June 2022
Volume 63, Issue 7
Open Access
ARVO Annual Meeting Abstract  |   June 2022
Comparing the Visual Acuity of Zebrafish Using Analog and Digital Systems
Author Affiliations & Notes
  • Tatevik Takhmazyan
    College of Osteopathic Medicine of the Pacific, Western University of Health Sciences, Pomona, California, United States
  • D Joshua Cameron
    College of Optometry, Western University of Health Sciences, Pomona, California, United States
  • Footnotes
    Commercial Relationships   Tatevik Takhmazyan None; D Joshua Cameron None
  • Footnotes
    Support  None
Investigative Ophthalmology & Visual Science June 2022, Vol.63, 2562 – F0516. doi:
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      Tatevik Takhmazyan, D Joshua Cameron; Comparing the Visual Acuity of Zebrafish Using Analog and Digital Systems. Invest. Ophthalmol. Vis. Sci. 2022;63(7):2562 – F0516.

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      © ARVO (1962-2015); The Authors (2016-present)

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Abstract

Purpose : Danio rerio (zebrafish) are often used as a model to study visual physiology. Previous methodologies utilize an analog system to assess binocular and monocular visual acuities using the optokinetic response (OKR); however, an analog device presents with disadvantages, such as being multi-step, inefficient, and containing paper components prone to water damage. Thus, we have developed a digital system to observe the optokinetic response in zebrafish and effectively measure visual acuity.

Methods : Adult zebrafish were maintained under standard conditions and visual acuity was measured using an analog OKR device. Similarly, visual acuity was measured using a new digital OKR device. Acuity measurements were measured using high contrast, black-and-white stripes as well as colored stripes. A comparison between the measured visual acuities was completed using a paired t-test.

Results : The average analog visual acuity obtained using black-and-white stripes was 0.74 cycles per degree (cpd), while the average digital visual acuity was 0.48 cpd, as demonstrated in Figure 1. The analog system yielded significantly higher visual acuity in comparison to the digital system (p<0.05, n=10; Student’s T-test). Likewise, visual acuity using red, blue and green produced similar results—the analog system had an overall higher visual acuity threshold in comparison to the digital system. Despite these differences, the analog and digital systems show a similar trend in visual acuity measurements, as seen in Figure 2.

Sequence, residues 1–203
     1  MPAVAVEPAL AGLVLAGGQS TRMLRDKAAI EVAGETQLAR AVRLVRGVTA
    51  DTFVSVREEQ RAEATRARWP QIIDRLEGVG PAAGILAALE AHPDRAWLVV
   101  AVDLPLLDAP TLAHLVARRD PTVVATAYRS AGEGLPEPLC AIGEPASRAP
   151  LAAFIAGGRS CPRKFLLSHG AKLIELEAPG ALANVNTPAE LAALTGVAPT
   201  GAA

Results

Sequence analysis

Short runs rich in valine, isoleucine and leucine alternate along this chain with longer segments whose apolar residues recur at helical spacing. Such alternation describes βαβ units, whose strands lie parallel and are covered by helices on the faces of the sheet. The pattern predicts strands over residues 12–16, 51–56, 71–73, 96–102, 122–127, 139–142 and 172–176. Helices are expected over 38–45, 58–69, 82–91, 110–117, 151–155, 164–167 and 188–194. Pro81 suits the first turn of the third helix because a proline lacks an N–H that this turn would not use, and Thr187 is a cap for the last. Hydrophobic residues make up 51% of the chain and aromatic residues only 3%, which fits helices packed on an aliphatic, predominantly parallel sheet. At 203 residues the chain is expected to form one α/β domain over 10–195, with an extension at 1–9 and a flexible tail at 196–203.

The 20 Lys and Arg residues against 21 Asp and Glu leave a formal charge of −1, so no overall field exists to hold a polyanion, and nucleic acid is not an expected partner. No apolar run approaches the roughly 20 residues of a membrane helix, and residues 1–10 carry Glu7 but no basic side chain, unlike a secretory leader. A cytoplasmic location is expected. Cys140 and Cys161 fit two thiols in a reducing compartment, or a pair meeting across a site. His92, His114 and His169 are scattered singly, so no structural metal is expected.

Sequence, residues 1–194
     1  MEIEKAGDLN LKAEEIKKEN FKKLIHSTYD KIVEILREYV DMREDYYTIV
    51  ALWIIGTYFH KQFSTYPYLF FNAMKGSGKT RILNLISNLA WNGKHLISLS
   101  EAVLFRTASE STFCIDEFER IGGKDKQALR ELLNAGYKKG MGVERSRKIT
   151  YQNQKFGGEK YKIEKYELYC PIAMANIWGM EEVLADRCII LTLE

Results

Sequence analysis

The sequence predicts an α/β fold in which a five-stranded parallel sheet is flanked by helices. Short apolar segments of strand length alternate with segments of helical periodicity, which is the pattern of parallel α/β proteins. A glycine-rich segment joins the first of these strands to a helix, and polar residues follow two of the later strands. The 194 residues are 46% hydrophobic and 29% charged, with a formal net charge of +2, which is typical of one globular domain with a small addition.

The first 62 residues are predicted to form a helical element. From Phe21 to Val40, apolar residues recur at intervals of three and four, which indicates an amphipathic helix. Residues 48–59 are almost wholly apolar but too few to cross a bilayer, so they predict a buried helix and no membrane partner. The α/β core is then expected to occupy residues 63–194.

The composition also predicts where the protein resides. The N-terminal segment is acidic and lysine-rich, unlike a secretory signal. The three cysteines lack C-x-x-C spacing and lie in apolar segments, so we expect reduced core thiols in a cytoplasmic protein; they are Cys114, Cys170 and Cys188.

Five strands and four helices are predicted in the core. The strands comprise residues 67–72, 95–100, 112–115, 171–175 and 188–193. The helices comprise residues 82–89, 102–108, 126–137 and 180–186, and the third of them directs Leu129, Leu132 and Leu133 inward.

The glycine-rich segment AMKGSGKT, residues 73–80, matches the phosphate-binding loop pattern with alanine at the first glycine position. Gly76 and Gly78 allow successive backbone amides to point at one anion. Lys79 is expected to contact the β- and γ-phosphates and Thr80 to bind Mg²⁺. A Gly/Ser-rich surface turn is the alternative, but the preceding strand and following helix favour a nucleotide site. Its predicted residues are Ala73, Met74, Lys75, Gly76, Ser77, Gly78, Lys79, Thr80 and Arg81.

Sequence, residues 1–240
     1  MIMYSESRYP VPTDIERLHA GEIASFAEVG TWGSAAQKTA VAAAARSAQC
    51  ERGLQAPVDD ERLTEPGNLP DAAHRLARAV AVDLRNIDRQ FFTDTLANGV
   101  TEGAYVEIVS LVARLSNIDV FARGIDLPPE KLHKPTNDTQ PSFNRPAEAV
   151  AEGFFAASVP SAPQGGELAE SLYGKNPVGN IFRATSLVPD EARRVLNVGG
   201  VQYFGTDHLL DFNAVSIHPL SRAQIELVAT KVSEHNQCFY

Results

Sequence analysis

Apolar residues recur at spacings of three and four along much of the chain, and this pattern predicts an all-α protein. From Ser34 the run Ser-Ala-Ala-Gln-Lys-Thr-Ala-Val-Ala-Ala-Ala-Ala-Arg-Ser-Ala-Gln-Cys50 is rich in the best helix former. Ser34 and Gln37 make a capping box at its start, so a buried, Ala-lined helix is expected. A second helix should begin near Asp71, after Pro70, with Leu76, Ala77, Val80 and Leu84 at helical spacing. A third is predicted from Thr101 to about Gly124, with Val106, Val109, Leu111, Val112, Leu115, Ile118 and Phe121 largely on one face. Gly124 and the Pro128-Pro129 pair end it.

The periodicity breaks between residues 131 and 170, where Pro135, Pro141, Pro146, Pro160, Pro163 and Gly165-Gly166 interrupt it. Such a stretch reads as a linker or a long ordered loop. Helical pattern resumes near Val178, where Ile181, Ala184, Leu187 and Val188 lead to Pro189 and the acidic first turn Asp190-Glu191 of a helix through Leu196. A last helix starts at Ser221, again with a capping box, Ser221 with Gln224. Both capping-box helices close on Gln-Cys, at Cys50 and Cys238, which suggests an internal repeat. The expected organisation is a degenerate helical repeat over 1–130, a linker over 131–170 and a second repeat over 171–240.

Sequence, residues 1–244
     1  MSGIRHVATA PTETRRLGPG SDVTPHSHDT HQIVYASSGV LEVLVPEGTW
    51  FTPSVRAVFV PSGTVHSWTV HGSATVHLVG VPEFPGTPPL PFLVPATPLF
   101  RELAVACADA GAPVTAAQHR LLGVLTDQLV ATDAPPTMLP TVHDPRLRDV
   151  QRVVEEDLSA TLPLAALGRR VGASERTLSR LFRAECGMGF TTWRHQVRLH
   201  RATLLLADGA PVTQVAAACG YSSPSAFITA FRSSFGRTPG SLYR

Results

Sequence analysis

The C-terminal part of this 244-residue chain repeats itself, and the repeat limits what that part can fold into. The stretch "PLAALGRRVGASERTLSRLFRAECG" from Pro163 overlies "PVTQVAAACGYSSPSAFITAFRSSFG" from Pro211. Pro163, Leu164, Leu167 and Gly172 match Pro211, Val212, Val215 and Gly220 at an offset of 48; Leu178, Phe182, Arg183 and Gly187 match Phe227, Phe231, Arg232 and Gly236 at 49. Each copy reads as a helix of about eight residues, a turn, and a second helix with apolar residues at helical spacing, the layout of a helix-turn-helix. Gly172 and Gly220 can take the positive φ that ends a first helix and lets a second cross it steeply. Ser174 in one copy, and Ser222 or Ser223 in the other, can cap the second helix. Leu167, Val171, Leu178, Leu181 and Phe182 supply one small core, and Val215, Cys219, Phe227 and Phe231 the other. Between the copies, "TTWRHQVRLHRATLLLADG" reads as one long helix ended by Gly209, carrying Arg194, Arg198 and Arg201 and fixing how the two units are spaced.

Conclusions : Here, we demonstrate that visual acuity trends are consistent among analog and digital systems in both black-and-white and colored stimuli. Thus, an improved digital model can be beneficial for quickly evaluating visual response in adult zebrafish and facilitating disease-related research.

This abstract was presented at the 2022 ARVO Annual Meeting, held in Denver, CO, May 1-4, 2022, and virtually.

 

Figure 1: Average Visual Acuities The chart demonstrates the calculated visual acuities with both the digital and analog system and displays the average visual acuity in cpd. The average analog visual acuity is 0.74 cycles per degree and the average visual acuity with the digital system is 0.48 cycles per degree (n=10).

Figure 1: Average Visual Acuities The chart demonstrates the calculated visual acuities with both the digital and analog system and displays the average visual acuity in cpd. The average analog visual acuity is 0.74 cycles per degree and the average visual acuity with the digital system is 0.48 cycles per degree (n=10).

 

Figure 2: Digital and Analog Independent Visual Acuities The graph shows independent visual acuities measured in a sample of 10 fish. Each point represents one fish and visual acuity is measured in cycles per degree (cpd).

Figure 2: Digital and Analog Independent Visual Acuities The graph shows independent visual acuities measured in a sample of 10 fish. Each point represents one fish and visual acuity is measured in cycles per degree (cpd).

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